When there is no definitive end in sight and all is jumbled, it is difficult to know where to even begin. Disagreements, lovers ’ spats, scribbles, politics, balls of string, trains of thought; with these, beginnings and endings rarely line up. Confronting these tangles, chances are you perceive what you are prepared to recognize. If you have a suspicious constitution, for example, every tick uncovers proof of ill-intentioned nature. It comes down to viewpoint. This fact is at the heart of Justin Cooper ’s Thread.

You won ’t be harmed. You will probably be harmed. There are no throttles in there. It ’s seamless, brands forgotten. I crept. Not solid and had never been. Creature, balancing.
— Clark Coolidge, Alien Tatters

The rational does not like the individual viewpoint, it always desires instead a tidy beginning, middle, and end. The temporal thrives on viewpoint, always wanting to spring beyond frame and nomenclature. In clearest terms, that is why this garden hose is relentless in the way it dives, bends, weaves, and coils in the space. It wants you lost. It wants you to make your own ends. This garden hose clings to some facts (the columns, the ventilation ducts, and water pipes) but otherwise, curves, folds, and kinks mid-air. The sculpture is an engine for meandering observation. The opening reception of Thread and the last day of the exhibition each feature a performance. The performances also stress observation, specifically interpretive engagement as events unfold. All requires talk. Did you see…

If one is prepared, abstraction, ethereal phenomena, and impossibility are observable everywhere. A shrub becomes Sasquatch, every blur a ghost. Some can ’t see a thing through the thicket and must interpret sounds into images. A rustling becomes a rushing little green man. Cooper ’s work reminds us that interpretations of these types—of which there are many—make clear what is always present in our explanations: projection and causality. Clark Coolidge ’s book of prose poems, Alien Tatters, gathers a series of works using the language and syntax of UFO sighting and extraterrestrial abduction narratives. Tales of this variety are written by people with an excess of idealistic projection; rather than terrestrial drums pounding, they hear celestial chimes ringing. Throughout Coolidge ’s poems contradictions occur, descriptions hesitate, narrative voice lacks coherent place, and foreboding oozes from the shortest of phrases. These poems are crystallized views of language ’s behavior when we turn encounters into narratives that are not mirror images of our experiences. In his afterword, Coolidge writes,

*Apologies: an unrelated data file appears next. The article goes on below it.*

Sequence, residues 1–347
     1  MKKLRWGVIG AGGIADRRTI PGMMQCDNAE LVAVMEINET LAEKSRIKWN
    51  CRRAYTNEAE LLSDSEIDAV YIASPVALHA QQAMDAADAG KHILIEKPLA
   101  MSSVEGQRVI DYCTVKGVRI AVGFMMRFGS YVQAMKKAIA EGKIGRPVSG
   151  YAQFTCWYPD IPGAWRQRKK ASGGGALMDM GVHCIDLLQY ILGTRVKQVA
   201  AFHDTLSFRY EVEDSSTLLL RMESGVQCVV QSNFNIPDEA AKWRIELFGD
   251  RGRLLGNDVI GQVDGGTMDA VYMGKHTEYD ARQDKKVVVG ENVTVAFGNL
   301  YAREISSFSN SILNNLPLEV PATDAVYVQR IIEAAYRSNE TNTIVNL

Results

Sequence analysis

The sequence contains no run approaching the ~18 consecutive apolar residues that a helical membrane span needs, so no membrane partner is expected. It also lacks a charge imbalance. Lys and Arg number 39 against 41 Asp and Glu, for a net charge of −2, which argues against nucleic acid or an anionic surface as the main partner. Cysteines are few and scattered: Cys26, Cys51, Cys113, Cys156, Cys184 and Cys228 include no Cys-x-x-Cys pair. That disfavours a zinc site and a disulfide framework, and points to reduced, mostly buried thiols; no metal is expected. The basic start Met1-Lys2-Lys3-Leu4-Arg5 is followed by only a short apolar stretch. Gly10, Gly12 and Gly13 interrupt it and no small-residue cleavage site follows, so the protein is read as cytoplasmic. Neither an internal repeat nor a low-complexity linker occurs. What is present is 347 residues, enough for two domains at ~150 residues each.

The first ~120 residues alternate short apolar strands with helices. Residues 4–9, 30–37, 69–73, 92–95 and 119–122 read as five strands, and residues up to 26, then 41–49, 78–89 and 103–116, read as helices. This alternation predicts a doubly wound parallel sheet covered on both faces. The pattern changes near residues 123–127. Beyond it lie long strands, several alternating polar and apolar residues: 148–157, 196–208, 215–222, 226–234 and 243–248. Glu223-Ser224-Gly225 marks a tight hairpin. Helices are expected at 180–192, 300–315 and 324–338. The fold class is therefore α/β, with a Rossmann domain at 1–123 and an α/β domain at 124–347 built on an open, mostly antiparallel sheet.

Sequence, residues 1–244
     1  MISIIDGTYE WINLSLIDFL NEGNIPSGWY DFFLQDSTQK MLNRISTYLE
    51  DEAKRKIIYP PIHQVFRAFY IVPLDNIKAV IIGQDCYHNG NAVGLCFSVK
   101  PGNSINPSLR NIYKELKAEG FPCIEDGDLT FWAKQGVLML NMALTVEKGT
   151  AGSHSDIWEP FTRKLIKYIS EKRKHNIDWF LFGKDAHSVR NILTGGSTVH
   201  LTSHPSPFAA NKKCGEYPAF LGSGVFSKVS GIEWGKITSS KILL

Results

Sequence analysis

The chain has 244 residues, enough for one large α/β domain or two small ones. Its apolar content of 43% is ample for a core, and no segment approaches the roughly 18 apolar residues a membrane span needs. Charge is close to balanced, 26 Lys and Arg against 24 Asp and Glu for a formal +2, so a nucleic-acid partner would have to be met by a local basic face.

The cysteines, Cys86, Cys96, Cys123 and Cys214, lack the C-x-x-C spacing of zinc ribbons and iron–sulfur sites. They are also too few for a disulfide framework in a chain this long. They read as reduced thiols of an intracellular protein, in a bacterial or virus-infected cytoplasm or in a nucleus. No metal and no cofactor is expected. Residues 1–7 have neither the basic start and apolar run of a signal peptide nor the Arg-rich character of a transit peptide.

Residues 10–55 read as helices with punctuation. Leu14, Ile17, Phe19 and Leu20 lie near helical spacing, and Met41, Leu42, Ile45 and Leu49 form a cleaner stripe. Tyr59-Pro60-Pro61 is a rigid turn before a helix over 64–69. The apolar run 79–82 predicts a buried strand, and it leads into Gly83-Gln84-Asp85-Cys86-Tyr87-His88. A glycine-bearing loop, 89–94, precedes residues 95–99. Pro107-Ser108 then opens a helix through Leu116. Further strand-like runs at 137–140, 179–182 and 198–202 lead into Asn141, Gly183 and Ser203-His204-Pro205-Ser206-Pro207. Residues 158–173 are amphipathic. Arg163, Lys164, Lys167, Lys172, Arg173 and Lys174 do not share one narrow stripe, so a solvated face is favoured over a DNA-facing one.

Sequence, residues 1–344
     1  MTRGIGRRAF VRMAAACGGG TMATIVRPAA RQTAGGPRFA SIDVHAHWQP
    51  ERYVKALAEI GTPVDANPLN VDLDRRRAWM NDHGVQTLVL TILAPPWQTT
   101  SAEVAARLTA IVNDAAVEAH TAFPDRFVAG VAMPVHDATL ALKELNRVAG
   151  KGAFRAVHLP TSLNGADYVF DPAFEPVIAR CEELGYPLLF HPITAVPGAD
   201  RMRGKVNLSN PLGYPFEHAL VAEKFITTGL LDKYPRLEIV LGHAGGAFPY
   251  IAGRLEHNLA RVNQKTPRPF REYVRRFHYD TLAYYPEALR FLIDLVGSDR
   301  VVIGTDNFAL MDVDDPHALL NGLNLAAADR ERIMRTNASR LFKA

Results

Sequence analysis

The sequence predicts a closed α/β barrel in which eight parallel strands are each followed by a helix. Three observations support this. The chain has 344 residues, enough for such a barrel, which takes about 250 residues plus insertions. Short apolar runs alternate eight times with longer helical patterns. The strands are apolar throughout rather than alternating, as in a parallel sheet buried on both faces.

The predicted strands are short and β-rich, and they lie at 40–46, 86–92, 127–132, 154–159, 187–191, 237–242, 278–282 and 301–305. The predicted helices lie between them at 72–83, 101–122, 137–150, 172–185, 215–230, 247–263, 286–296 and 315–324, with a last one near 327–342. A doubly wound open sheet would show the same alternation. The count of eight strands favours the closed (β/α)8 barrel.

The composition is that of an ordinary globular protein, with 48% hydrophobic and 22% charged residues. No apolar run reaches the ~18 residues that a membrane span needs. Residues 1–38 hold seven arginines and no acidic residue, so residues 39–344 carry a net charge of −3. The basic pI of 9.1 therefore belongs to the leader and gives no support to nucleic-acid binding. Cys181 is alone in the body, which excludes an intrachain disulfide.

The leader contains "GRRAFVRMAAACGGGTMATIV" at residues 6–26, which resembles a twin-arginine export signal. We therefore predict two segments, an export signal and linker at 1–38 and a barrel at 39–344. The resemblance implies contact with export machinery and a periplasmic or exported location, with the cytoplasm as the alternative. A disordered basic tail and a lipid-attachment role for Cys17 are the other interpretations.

“All those trapped yet oddly illuminated voices, each clinging to its own elaboration of the tale. I had a huge desire to participate somehow. If I couldn ’t go, then perhaps at least I might learn to speak the language, and use it to take myself further in, or out, to what? The brain bred up a notch to apprehend things it can ’t identify? Or is this just the human again but seen through an alternate rift, given a different spin?”

I would answer a resounding ‘yes ’ to Coolidge ’s last question. I dare say Justin Cooper would as well. His attempts to fix identifiable material into unexplained energies through manic sculptures and to script ungrounded dialogues and loopy arguments between workers, friends, and lovers in threadbare performances plot places where we elaborate. Cooper ’s protagonists are not us—they do not ‘act natural ’, neither are they so beyond as to be classified as aliens or yetis. Self-identification is the only true measure we find to register the differences. So we end up in Cooper ’s sculptures and performances looking into reality ’s mirror and seeing ourselves twisted in the contradictions, the hesitations, and the unease. Each one of the performers and garden hoses of Cooper ’s constellation becomes, to quote Cole Porter radically out of context, “one of those bells that now and then rings / just one of those things.”